Despite having to spend considerable time adjusting my curriculum and course schedules for five classes to fit the rare closure of our campus six days this wintery spring 2019 semester in Wisconsin, I still managed to discover some new lifelong learning gems this February. Here it goes…
My Favorite Book
On February 5, Dr. Cal Newport released Digital Minimalism: Choosing a Focused Life in a Noisy World, which follows up on his popular 2016 book (and another of my favorites), Deep Work: Rules for Focused Success in a Distracted World. In Digital Minimalism, Dr. Newport offers a “philosophy of technology use” rooted in personal values to help clarify the technology tools we should use and how and the technology tools we should ignore and why. He offers strong arguments to suggest that “intermittent positive reinforcement and the drive or social approval” leads to technology-related behavioral addictions that stifle our autonomy and “control more and more how we spend our time, how we feel, and how we behave.”
After defending the principles that guide the Digital Minimalism philosophy, Dr. Newport carefully delineates The Digital Declutter Process, which involves taking a purposeful 30-day break from optional technologies, exploring and rediscovering more “satisfying and meaningful” activities and behaviors, and then reintroducing only those optional technologies that fully serve our values with the least possible harm to our autonomy.
Dr. Newport’s three key practices – spend time alone, don’t click like, and reclaim leisure – certainly seem worth pondering. While I haven’t fully joined the “attention resistance,” I’m deleting apps from my smart phone, introducing more solitude into my day, trying to spend more time away from my phone, finding more opportunities for face-to-face conversation, pondering what technologies are truly optional, and reconsidering my deep values.
To learn more about Digital Minimalism, check out these articles and podcast episodes:
My Favorite Podcast
Bestselling author and @nytimes columnist Carl Zimmer (@carlzimmer) released a provocative eight-episode podcast series, What is Life?, to explore the nature of life. Each episode features an interview with leading thinkers on life, including:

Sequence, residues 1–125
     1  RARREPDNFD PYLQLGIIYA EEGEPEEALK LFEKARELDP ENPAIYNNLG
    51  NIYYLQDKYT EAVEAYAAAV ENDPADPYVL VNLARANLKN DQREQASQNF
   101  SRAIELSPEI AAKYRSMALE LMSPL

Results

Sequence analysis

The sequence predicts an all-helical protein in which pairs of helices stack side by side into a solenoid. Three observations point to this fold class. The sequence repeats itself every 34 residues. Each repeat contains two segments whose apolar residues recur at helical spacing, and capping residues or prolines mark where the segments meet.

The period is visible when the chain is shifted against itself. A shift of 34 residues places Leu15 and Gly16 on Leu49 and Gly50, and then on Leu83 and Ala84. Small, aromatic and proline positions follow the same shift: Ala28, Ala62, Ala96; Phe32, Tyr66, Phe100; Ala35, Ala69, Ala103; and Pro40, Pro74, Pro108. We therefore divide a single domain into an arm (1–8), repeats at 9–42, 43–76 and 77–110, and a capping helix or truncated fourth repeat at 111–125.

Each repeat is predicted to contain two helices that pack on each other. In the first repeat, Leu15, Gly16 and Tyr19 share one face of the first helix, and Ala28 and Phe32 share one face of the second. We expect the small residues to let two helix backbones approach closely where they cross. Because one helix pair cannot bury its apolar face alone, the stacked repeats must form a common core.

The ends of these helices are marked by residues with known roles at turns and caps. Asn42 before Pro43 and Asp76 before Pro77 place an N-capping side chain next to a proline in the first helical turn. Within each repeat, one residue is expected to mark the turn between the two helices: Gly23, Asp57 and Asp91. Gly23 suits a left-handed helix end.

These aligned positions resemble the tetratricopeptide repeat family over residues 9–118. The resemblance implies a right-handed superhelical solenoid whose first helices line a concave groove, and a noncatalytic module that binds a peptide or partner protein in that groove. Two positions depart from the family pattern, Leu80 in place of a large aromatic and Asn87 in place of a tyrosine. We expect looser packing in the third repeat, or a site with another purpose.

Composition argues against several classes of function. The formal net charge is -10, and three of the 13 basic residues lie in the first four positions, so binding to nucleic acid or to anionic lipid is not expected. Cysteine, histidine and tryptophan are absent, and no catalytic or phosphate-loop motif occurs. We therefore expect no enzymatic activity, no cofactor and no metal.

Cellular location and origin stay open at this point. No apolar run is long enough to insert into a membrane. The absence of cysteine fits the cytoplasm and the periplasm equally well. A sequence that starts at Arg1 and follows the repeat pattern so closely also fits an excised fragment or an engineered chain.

Each interview offers deep insights into the (possible) nature of life and certainly inspires curiosity about the nature and purpose of life. Thankfully, Carl Zimmer includes a number of suggested links with each episode for further exploration and learning.
My Favorite MOOC
The Science of Happiness at Work
Thank you, University of California at Berkeley, for sharing the professional certificate program, The Science of Happiness at Work, on edX. The series includes three superb four-week online courses, including:
The series is a follow-up to the “first MOOC to teach positive psychology,” The Science of Happiness.
While the entire certificate program is currently just over $400, I am grateful that edX still allows students to audit the courses at no cost. Each course includes excellent video lectures and opportunities to explore key concepts by completing and reflecting on self-assessments. If you incorporate positive psychology into your curriculum whenever you can (which I do), you will find many gems in the course. In addition, the Happiness at Work series offers insights that are valuable in today’s high stress academic work environment.
My Favorite New Learning Resource
My favorite Greater Good Science Center website resource is the Greater Good in Action library, where you will find research-tested practices for building happiness, resilience, kindness, and connection. These practices can be easily incorporated into many psychology courses.
To fully explore each practice, consider listening to the Greater Good Science Center’s podcast, The Science of Happiness. Each episode features a person learning and then engaging in one of the practices with the guidance of social psychologist Dr. Dacher Keltner, Founding Director.
My Favorite Media